The new Advanced Style documentary based on photographer Ari Seth Cohen’s blog of the same name, takes a look at the lives of seven unique New Yorkers to illustrate a few unconventional ways of aging fashionably. The documentary shares the perspective of women of ages between 62 to 95, who defied expectations when it came to conventional looks, not letting society’s expectations dictate their style.
The Advanced Style documentary directed by Lina Plioplyte was already released in the US and will be released in the UK on Friday. Among the movie’s protagonists are 81-year-old New York boutique owner Lynn Dell Cohen, 81, Tziporah Salamon, 63, a stylist performance artist, model and design teacher, Ilona Royce Smithkin, 94, an acclaimed artist, and Jacquie Tajah Murdock, 83, who became a model in the Lanvin fall/winter 2012 ad campaign that featured real people of different ages instead of traditional models.
The film, which began in 2008, also features socialite Zelda Kaplan who died during production while in the front row of the Joanna Mastroianni show at New York Fashion Week.
Rather than trying to fight aging, most of the women featured in the film tried to do their best to reveal their style. According to Ilona Royce Smithkin, who makes daring style choices that help her stand out like donning orange eyelashes, the key to fulfillment is living up to personal standards rather than looking outward for approval: “There is no time-limit to anything. When you look good, you look good.” Another common trait of the amazingly stylish old ladies from NYC that share their perspective in the film is that all agree that style isn’t something that depends strongly on money.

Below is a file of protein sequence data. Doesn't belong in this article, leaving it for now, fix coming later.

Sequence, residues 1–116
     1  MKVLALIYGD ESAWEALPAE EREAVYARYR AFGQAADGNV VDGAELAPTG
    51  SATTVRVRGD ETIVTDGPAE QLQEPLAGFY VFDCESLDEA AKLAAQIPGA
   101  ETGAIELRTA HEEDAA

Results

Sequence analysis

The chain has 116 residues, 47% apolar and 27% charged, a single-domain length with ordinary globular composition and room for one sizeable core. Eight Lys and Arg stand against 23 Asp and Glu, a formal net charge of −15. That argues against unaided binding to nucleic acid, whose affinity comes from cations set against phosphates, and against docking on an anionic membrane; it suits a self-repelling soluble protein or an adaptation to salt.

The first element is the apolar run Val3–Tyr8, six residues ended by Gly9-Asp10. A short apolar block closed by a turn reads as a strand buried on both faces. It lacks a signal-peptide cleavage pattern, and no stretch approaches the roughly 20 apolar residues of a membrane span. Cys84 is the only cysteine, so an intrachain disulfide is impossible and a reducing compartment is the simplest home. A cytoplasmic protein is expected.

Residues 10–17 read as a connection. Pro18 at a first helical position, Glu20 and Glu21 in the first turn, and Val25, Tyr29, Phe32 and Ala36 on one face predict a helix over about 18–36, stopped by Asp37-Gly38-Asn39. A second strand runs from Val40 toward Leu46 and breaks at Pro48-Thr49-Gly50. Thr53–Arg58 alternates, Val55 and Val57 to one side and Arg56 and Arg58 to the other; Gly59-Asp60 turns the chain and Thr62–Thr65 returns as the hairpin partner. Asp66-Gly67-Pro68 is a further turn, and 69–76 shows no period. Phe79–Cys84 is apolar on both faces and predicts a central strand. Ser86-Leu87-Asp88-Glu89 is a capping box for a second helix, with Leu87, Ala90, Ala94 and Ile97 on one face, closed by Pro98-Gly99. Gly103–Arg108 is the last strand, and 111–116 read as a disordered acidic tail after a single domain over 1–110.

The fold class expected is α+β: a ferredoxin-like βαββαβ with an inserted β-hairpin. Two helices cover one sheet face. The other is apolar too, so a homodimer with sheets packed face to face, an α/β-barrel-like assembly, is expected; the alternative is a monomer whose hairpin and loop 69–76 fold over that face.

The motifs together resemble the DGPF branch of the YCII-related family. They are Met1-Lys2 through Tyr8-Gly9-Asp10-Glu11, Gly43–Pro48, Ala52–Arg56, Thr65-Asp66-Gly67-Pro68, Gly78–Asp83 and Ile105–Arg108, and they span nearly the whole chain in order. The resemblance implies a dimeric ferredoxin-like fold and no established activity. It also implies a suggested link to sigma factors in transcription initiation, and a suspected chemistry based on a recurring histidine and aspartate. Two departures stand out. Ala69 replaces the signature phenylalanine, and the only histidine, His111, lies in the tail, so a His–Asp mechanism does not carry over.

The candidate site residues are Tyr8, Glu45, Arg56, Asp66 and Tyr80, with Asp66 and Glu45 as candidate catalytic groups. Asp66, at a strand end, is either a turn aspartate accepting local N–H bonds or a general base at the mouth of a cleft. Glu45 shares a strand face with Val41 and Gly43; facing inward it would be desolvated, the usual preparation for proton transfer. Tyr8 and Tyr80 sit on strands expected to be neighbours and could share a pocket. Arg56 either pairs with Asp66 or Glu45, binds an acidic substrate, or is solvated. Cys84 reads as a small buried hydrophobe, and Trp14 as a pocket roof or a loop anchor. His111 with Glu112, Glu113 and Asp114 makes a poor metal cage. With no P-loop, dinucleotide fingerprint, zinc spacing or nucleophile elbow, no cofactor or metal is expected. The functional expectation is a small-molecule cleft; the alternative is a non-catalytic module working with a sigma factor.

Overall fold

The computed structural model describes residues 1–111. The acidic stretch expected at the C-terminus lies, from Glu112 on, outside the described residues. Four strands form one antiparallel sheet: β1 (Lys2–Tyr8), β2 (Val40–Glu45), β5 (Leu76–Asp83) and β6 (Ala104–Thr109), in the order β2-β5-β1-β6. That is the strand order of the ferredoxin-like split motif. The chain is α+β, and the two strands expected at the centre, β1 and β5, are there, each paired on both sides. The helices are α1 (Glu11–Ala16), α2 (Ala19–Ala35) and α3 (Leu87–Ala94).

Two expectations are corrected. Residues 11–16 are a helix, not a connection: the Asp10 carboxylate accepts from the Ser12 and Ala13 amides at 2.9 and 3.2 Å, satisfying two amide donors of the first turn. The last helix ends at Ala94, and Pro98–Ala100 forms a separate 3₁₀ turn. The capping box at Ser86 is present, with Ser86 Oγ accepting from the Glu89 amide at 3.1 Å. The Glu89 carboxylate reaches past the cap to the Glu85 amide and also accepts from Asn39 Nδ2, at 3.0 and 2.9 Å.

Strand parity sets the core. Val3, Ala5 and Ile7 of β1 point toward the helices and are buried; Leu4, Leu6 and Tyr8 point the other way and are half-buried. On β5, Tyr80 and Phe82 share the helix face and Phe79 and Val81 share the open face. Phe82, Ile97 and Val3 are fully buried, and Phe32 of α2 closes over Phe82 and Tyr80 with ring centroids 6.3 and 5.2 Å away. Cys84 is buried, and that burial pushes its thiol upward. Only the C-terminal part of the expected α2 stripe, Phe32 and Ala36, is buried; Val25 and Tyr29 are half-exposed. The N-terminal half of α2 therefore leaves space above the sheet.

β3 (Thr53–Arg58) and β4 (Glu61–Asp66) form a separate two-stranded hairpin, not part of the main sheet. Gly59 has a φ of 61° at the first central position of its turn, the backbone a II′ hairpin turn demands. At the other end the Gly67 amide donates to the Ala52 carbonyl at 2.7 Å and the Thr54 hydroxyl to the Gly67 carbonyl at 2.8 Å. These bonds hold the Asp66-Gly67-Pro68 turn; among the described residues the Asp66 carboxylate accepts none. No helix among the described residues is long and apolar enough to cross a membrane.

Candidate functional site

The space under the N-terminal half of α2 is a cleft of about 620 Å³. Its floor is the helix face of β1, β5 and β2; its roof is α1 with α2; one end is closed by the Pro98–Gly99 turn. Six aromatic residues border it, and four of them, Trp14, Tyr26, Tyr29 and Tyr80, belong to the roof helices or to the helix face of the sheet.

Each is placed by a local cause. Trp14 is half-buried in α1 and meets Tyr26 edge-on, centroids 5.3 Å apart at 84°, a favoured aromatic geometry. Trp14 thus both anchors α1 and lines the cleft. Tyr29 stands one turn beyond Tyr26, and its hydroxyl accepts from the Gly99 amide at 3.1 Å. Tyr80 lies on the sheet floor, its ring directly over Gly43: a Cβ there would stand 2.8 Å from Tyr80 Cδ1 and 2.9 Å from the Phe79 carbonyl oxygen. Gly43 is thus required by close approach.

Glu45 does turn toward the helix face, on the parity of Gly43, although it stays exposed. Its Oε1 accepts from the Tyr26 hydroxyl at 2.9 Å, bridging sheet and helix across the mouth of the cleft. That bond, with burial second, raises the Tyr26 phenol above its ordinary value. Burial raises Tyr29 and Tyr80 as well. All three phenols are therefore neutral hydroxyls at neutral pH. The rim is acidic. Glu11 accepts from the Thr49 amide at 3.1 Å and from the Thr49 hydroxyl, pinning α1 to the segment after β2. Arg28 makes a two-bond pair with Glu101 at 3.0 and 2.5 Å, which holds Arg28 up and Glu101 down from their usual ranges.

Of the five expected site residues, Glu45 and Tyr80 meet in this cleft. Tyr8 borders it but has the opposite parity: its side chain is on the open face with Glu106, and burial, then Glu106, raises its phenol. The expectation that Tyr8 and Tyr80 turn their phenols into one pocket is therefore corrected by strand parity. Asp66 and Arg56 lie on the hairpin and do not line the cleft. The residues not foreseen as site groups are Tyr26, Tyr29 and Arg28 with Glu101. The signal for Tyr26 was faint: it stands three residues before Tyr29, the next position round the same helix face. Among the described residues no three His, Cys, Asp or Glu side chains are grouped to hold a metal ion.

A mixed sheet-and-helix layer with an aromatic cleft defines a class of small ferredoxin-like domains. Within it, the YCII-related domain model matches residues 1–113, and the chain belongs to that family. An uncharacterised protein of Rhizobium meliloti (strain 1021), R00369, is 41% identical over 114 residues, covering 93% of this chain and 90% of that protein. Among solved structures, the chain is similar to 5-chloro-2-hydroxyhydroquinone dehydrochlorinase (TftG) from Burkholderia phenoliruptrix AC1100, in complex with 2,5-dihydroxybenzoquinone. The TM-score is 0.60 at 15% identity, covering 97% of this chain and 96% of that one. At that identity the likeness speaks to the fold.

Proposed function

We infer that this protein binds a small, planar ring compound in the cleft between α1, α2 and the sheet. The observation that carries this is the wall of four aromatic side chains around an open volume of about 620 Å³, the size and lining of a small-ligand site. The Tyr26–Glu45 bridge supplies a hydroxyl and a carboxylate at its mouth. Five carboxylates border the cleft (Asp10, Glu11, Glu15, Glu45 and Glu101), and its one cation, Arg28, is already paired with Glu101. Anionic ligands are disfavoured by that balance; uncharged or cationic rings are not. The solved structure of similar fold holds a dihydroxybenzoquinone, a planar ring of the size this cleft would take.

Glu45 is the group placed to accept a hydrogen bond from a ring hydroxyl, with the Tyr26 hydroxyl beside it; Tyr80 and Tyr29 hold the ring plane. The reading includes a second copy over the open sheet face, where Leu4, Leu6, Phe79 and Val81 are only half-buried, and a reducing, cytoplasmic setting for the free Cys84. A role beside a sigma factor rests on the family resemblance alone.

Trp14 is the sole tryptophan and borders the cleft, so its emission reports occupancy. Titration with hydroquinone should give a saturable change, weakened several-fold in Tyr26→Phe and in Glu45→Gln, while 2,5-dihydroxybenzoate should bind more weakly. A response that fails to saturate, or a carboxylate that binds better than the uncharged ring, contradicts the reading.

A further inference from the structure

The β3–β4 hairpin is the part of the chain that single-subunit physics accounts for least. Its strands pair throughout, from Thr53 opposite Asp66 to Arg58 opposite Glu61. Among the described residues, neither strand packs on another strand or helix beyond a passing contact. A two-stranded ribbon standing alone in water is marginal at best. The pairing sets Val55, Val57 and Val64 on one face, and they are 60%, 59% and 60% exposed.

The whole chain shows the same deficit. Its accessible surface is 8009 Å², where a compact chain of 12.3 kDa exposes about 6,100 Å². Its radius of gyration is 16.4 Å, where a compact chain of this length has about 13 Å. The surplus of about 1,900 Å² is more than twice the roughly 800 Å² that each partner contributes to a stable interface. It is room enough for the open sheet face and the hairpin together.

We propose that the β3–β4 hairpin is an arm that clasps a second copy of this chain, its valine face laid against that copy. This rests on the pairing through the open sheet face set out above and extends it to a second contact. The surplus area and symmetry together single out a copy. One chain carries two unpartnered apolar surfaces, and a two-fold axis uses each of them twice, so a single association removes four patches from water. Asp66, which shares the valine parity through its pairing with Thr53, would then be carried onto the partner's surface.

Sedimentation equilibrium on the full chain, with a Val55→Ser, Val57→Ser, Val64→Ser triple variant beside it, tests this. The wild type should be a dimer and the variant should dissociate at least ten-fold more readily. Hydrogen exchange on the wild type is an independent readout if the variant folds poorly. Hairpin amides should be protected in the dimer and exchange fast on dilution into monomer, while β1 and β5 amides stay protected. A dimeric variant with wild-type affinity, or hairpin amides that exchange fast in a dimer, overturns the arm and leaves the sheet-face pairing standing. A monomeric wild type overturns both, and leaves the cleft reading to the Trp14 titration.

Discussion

While the documentary focuses on “challenging conventional ideas about beauty, aging, and Western culture’s increasing obsession with youth,” the film highlights much more than eclectic style choices, also including different options on how the subject of aging is treated in different countries.
Filmmaker Lina Plioplyte offers an interesting perspective on how aging is viewed in the US: “I think we are way more into the idea of being female as a ‘girly’, sexy thing, rather than embracing women at every stage of life. I mean, an older woman is a ‘cougar’ if she tries to look good. I think here, more than in any other country that I know of, age is shunned,” she stated, adding that in other countries aging is treated with more respect.
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Photos: Advanced Style